Synonyms and other taxonomic changes
Author: Munroe, 1976
Dr. Brian Scholtens on Neohelvibotys vs. Helvibotys:
"They are the biggest problem in the SW and in the SE. In the east we have two Neohelvibotys, neohelvialis and polingi. N. polingi is only in S. Florida. N. neohelvialis is more widespread in the SE. Munroe had it listed from GA and FL west to Arizona, but I have also taken it in the Smokies in TN, so it is obviously a bit more widespread.
Capps (1967) on separating Neohelvibotys neohelvialis from Helvibotys helvialis: "The sparser cilia of the antenna and incrassate midtibia with a hair-pencil distinguishes the males of neohelvialis from those of helvialis. If the specimens are in good condition, the coloration along the outer margin of the fore- and hindwings is darker in neohelvialis than in helvialis; in the former, it is concolorous with the markings of the wings and in the latter, concolorous with the ground color of the wings. Worn females of neohelvialis, however, are reliably distinguished from those of helvialis only by examination of the genitalia."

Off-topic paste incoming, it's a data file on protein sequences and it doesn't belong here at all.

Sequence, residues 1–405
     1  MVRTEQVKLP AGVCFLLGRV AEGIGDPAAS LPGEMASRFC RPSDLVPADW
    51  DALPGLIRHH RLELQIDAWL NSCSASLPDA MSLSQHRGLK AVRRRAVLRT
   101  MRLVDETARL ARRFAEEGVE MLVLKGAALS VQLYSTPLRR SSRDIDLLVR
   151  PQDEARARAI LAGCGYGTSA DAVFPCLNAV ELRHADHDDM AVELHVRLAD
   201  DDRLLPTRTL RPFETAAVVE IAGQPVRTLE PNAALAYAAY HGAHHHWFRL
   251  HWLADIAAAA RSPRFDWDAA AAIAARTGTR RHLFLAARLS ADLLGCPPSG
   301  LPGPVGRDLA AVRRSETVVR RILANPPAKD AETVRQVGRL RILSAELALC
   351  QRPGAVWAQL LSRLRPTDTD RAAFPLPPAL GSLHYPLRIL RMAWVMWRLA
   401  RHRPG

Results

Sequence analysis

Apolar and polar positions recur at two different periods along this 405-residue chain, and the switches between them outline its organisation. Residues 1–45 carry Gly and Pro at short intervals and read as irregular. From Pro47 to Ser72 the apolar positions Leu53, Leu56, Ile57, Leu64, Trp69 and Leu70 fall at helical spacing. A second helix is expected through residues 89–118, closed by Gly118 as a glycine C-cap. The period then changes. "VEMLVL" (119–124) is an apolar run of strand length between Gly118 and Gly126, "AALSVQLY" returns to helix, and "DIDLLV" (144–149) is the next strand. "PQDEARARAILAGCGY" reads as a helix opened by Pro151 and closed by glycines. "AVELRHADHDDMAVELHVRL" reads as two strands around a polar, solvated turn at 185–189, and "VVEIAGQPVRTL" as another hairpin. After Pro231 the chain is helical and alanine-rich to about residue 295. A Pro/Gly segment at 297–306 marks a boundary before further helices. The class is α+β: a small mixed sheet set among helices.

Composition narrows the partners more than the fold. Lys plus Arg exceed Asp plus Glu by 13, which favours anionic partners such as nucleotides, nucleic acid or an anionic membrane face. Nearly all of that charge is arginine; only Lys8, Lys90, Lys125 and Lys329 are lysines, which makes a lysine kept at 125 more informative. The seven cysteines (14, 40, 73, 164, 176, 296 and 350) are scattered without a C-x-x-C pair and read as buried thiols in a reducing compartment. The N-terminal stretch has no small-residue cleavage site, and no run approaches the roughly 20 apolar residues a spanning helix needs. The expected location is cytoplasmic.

We have one Helvibotys in the east, helvialis. This is the most widespread of the three. It occurs from very southern Canada down through Florida and west to the midwest. Pretty much anything north of Georgia, South Carolina or Tennessee would be this species.
Munroe, E. G. 1976: Pyraloidea Pyralidae comprising the subfamily Pyraustinae tribe Pyraustini (part). Pp. 1–78, pls 1–4, A–H. – In: Dominick, R. B. et al., The Moths of America north of Mexico 13.2A 13.2A. – E.W. Classey Ltd. and The Wedge Entomological Research Foundation, London.